“I thought we came out and worked hard [in the third],” added Rielly. “We put ourselves in a hole, and it was too little too late. Last period is great, [but] you look at the start and the position we put ourselves in after the first period, that’s the problem.”
Now all Toronto has left to do is find a solution.
“We have to worry about what we’re going to do on a daily basis,” Tavares said. “How we’re going to execute and play the way we’re going to play, the identity we’re going to play with. If we do that, that will allow us to get to where we want to get to and get the results we need.”
Here’s your chance, kid
Even before Babcock knew Hyman wouldn’t be available Wednesday, he talked in his morning press conference about taking hold of opportunities when they come. For William Nylander, that meant making good on yet another chance to skate on Auston Matthews’ wing, and the winger put together one of his best games in weeks against Chicago.
Nylander had Crawford beat with two shots before Toronto even got on the board, hitting the post on both but not halting his search for a goal. When the Leafs' comeback got into full swing, he was in the thick of it, winning puck battles, lifting sticks at both ends of the ice and ultimately registering two assists, on goals by Johnsson and Matthews. It was Nylander’s first multi-point game since Feb. 27, a much-needed boost after he registered only one assist in his previous six games.
Trevor Moore didn’t have quite the same success grabbing his opportunity, and it was a big one at that. With Hyman out, Moore took his spot on Tavares’ flank with Mitch Marner on the other, but it was quickly apparent that matching up against some of the Blackhawks’ top players was a jarring adjustment for Moore after skating primarily with Leafs’ fourth liners Frederik Gauthier and Tyler Ennis.
On that unit, Moore could use his speed and relative heaviness to hound out pucks, hold onto them and create scoring chances. But the tougher assignment put Moore on his heels a bit more, with less time to make plays and transition. He swapped spots with Patrick Marleau onto Nazem Kadri’s line after the first period, and finished minus-one, with four shots on goal, in a career-high 14:08 time on ice.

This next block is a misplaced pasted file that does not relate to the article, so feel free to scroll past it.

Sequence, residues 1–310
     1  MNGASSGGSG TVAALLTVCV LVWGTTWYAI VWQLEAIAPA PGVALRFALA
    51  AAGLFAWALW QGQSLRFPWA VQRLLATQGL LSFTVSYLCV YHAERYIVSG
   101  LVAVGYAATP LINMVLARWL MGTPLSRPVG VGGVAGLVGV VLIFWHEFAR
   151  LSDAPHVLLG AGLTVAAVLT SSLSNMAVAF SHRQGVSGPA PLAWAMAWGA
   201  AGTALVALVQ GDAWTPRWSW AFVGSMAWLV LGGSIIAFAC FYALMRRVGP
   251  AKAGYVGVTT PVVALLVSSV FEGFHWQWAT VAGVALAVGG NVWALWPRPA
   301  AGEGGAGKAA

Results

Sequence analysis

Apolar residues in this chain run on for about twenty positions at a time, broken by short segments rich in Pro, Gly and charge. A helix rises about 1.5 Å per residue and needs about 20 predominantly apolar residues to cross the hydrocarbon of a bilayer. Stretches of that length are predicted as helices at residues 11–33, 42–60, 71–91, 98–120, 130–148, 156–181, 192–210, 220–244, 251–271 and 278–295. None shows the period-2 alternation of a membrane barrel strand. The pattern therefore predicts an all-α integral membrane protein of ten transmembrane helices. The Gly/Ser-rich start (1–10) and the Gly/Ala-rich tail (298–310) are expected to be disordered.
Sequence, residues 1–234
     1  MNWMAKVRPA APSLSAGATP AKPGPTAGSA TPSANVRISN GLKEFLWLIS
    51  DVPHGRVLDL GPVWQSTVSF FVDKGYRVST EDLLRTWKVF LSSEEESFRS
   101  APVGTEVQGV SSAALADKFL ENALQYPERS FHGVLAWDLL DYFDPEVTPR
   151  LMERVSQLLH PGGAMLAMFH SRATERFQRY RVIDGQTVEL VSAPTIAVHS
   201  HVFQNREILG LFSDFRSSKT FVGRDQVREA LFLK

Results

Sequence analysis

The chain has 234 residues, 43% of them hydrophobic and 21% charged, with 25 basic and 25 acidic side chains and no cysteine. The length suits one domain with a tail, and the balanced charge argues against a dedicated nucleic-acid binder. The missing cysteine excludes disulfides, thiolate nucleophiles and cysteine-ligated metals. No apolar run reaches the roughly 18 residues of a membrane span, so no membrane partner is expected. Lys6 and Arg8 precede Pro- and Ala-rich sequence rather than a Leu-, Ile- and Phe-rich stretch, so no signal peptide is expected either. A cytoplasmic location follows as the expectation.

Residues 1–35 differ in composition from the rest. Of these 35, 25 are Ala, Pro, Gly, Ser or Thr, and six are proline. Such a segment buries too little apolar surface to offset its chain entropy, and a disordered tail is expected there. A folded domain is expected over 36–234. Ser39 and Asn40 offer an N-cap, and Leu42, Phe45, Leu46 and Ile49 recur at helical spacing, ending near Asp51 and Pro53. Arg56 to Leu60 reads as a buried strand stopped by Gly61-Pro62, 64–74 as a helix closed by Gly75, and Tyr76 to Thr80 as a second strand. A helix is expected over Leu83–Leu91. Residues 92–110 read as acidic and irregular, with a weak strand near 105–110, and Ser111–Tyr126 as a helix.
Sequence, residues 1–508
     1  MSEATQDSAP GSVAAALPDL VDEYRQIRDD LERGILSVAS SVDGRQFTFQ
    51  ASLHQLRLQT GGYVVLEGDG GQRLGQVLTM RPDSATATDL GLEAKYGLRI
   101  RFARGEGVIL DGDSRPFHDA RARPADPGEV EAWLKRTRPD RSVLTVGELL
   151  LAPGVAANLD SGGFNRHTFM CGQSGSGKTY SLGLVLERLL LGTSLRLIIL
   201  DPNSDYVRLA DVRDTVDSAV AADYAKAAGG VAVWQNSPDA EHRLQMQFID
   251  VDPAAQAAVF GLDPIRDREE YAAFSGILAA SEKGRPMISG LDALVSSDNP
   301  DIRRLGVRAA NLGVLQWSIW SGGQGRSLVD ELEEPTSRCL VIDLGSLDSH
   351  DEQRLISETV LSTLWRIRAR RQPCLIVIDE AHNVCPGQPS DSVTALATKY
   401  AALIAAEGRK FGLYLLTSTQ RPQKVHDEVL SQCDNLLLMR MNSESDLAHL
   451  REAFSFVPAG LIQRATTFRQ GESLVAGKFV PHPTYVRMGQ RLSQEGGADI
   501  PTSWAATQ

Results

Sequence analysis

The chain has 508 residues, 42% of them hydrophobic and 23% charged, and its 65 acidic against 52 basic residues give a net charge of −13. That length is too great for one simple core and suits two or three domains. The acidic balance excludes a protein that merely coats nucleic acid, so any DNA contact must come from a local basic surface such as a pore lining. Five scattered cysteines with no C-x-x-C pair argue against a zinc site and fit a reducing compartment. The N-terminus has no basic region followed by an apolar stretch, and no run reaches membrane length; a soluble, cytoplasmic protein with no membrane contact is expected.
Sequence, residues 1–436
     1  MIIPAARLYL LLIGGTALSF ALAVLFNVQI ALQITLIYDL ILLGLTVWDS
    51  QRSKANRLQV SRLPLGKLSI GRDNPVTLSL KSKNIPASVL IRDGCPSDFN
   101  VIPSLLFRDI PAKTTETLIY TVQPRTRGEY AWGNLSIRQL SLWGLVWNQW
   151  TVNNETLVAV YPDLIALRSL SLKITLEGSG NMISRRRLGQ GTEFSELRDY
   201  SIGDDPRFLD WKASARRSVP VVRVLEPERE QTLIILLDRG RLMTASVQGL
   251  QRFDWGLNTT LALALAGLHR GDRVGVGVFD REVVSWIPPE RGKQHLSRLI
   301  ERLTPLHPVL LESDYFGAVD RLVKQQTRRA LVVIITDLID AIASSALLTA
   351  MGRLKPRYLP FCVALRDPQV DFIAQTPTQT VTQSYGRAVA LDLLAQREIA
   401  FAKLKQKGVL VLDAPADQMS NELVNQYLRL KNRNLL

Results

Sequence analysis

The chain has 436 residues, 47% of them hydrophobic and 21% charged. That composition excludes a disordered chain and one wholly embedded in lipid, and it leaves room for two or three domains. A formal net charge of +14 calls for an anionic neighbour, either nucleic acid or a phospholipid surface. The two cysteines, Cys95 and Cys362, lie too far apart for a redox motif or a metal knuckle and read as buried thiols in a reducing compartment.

Andersen hooked (again)
Before Monday, Andersen hadn’t been pulled from a game all season. After 20 minutes of action on Tuesday, he had been pulled twice in two games. That hasn’t happened since Andersen joined the Leafs in 2016-17.
In both instances, Andersen allowed four early goals, and Babcock made the quick decision to give the net to Sparks. In Wednesday’s outing, Andersen was left hanging by poor defensive play and bad coverage from his teammates as Chicago scored three of its first four goals off the rush. But the goalie wasn’t without fault, particularly on Keith’s shot that squirted out behind him, and on Perlini’s wrister that he had a good look on.
At this stage of the season, extra rest can’t hurt Andersen, even if racking up the goals against isn’t how he’d like it to come. He finished Wednesday’s game with 10 saves and a .714 save percentage.
Johnsson breaks the ice
It’s been Vancouver Canucks rookie Elias Pettersson courting the headlines among NHL freshmen this season, but Johnsson has quietly put together a strong second half to his own rookie campaign as well. Johnsson’s second period goal not only broke a six-game goalless slump for the winger, it was his 20th of the season, second only to Pettersson among first-years around the league.
Despite a slow start to the year, where Johnsson had zero goals in his first 10 games and spent time as a healthy scratch, his overall success has made the 24-year-old a feel-good story of sorts. Selected in the seventh-round, 202nd overall, in 2013 by Toronto, Johnsson has battled his way through injuries and tough American Hockey League seasons to be a solid 20-goal contributor for Toronto. And Johnsson is only the 14th seventh-round choice to ever score 20 as a rookie.
While it’s unlikely he’ll challenge Pettersson for the Calder Trophy, Johnsson’s stats show how well he has progressed to date.
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The Leafs put up 47 shots on the Blackhawks, their third-most this season, and most in a home game.
Toronto continues its homestand on Friday against the Philadelphia Flyers.
“We talk about it every day. No question, we have to go out there and execute. It’s definitely something that has to be a priority for us. We address it every single day, it’s an important focus. The margin for error becomes smaller and smaller and as a group we have to understand that, and that one or two mistakes can mean a lot.”
- John Tavares, on the Leafs’ recurring defensive struggles in the first period of games